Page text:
Filling water tank

  • Thread starter CV. Duta Karya Teknik
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Thread Starter

CV. Duta Karya Teknik

Hi All,

I need to fill 1000 ltr of water to water tank and when it was reached to 1000 ltr, the water pump which has flow 3 m3/h should stop and to make sure the water is 1000 ltr, I must measure it with digital display and should read 1000 ltr of water on display. At present I use the system of flow as below,

* Burkert Paddle Wheel Flow Transmitter Model 8025, Size 1" *
Burkert Batch Controller Model 8600 with operator unit Model 1077-1
which installed and connected directly to solenoid valve (plug in direct to solenoid valve)
* Burkert 2/2 way solenoid valve Model 406 with diameter 1"
which will shut if the volume of water is reached to 1000 ltr and the display controller read 1000

The problem I face is the volume of water is not meet with the display when I measure it. For example, I set the controller 100 but the water I measured is not 100 ltr but 101,3 ltr and when I set to 1000 the water I measured is 1030 ltr not 100 ltr and be advised the accuracy I need should be less than 1%. If anybody knows, how to solve it please let me know or perhaps I must change the brand. Looking forward to hearing from you soon and thank you.

Sorry for my poor english.

Kindly regards,
Fisher-Rosemount/Micromotion has flow transmitters which are accurate and reliable but you do pay for these qualities. But if it is imperative that you are near exact on your measurement then this should work for you.
Not sure of how the brands of equipment work, but here are some general questions:

1. How far away is the valve from the tank? Is the pipe draining after you close the valve?

2. You mentioned 1% accuracy. Your test of entering 100 ltr and getting 101,3 ltr is nearly 1% already (1,3% to be exact). If you go for 1% at 1000 ltr you are saying it is ok in a range of 990 to 1010 ltr.

3. I don't know if you will ever get it to stop at EXACTLY 1000. if it is that critical, you may want to consider a 2-stage system, where you fill with the big pipe up to 970 or so, then switch to a slower flowrate to 'trickle' up to 1000. This assumes that time is less of an issue than accuracy.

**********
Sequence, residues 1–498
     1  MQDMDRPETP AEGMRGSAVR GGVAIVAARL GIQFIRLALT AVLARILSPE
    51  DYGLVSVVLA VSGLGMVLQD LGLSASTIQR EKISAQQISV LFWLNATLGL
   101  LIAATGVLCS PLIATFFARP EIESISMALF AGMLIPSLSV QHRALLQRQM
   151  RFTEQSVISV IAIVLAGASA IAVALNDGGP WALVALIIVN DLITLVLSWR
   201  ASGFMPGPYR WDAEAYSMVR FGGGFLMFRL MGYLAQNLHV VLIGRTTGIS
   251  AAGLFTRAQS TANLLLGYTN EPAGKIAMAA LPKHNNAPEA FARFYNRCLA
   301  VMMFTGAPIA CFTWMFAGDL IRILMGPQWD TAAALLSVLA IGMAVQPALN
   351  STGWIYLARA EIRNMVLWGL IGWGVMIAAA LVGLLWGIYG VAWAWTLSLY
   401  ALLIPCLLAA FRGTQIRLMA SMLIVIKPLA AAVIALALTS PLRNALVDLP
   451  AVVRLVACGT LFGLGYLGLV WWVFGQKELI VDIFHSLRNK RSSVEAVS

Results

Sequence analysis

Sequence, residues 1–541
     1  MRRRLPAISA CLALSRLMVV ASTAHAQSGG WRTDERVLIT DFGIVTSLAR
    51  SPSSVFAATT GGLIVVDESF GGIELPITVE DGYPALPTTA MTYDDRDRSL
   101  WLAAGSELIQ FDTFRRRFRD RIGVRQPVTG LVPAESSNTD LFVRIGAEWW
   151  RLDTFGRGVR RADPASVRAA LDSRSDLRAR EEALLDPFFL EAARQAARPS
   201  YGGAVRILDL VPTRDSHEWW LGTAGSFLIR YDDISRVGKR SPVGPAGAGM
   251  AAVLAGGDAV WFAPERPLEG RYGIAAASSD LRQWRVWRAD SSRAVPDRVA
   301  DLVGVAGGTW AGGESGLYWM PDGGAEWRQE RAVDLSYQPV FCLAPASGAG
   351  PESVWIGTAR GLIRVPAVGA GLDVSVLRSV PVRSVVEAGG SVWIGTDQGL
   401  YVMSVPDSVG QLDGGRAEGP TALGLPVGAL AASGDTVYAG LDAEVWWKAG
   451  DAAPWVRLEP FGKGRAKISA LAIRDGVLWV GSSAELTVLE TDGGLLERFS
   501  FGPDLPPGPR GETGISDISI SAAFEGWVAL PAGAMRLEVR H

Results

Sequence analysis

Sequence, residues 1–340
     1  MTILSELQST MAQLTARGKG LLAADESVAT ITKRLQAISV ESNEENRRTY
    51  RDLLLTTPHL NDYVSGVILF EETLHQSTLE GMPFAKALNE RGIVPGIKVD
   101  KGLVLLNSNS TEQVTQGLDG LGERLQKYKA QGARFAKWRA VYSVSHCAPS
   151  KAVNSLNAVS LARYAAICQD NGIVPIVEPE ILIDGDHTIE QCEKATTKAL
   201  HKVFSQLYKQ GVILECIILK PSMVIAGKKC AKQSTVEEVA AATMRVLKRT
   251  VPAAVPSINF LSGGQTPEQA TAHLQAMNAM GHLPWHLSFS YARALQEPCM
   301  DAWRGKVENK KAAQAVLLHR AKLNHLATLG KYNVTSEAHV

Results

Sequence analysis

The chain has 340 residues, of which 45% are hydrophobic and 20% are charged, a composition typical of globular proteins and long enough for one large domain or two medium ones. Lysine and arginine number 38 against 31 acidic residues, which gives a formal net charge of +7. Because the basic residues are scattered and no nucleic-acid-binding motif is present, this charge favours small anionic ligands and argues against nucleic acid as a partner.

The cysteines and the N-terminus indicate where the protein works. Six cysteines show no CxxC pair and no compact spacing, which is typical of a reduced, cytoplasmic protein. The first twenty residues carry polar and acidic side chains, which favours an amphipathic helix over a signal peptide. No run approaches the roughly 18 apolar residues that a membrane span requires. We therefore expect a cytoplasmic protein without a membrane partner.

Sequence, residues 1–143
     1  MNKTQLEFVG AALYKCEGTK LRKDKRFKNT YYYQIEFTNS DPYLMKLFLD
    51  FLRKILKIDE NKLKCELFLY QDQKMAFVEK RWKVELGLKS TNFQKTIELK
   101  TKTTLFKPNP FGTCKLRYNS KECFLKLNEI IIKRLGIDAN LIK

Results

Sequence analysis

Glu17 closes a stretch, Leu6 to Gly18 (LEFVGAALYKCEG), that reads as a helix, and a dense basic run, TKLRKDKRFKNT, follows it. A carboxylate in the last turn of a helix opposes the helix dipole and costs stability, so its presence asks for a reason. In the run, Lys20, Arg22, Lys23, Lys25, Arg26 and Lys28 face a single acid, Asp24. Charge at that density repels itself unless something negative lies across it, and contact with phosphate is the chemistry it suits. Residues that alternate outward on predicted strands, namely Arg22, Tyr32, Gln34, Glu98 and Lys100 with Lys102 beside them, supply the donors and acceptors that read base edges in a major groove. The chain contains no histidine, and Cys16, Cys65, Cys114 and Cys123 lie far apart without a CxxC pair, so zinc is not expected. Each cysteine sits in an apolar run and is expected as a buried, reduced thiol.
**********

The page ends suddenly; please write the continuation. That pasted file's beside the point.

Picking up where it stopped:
Just my thoughts on the subject....

--Joe Jansen

Daniel Boudreault


I am not familiar with the equipment that you are using, but I have used other flow meter / display combo before, and the accuracy that you have is pretty much what you can expect from these kind of setup.

The display that I used has scaling and offset settings that you can tweek to bring the results even closer to the actual. Does yours have these settings?

I am assuming that you are filling something that you can't insert a lever switch... otherwise you can place a secondary device that will measure the level.

Dan B.
As long as you will have imagination, you might improve the volume measured. But you will never have your litres as desired. Why?
Fist you should open the water valve slowly (to the minimum flow the meter is accurate) then stats closing the valve at say 950 mesured
volumeto the minimum flow again. This will reduce the the start/stop error of the flow meter: it is not a bullet smashing on rock !!!
Also, stirred water increases volume, Yes.
Then how to do ?
First work with mass of water, not volume and mesure the weight of water near the end and few more drips. Use load cells. It will be difficult calibrating.
One more detail: the weight density of water reduces as temperature increases.
If you are interested in the formulation, let me know, I will supply the formulas up to the critical point.
[email protected]

Vitor Finkel


From your description, I concluded that your problem can be related to how fast you can interrupt the flow after it reaches the desired value.

If this is the problem, there are techniques developed exactly for this purpose.

One of them is the so called Bang-bang control.
That is an dual stage on-off control, where a larger valve, such as your present 1" solenoid operates untill you aproach the desired total flow, lets say for instance 970 liters. At that point it is shut off, while a much smaller flow continues through a smaller valve, possibly about 1/4" untill you reach the 1000 liters desired.

You will need of course of a second smaller solenoid valve for the "fine" slower filling and your controler needs to have two outputs, with
different set points, or else you need two controlers and valves for the same total flow control loop.

If your problem is not that, it may be on the accuracy of the transmitter. Is it possible to calibrate it ? Positive displacements and similars
such as paddle wheel transmitters sometime are not user calibrated. Do you have any instructions on calibration for it ?


Dave Ferguson

Where is the flowmeter installed ?

Is it 5 feet from the outlet, is the flow off the first reading or all other words is the liquid counted but not in the tank yet ........

How quickly does the valve shut off there a delay in shut off. Is there a tight shut off or does the liquid drain back......this will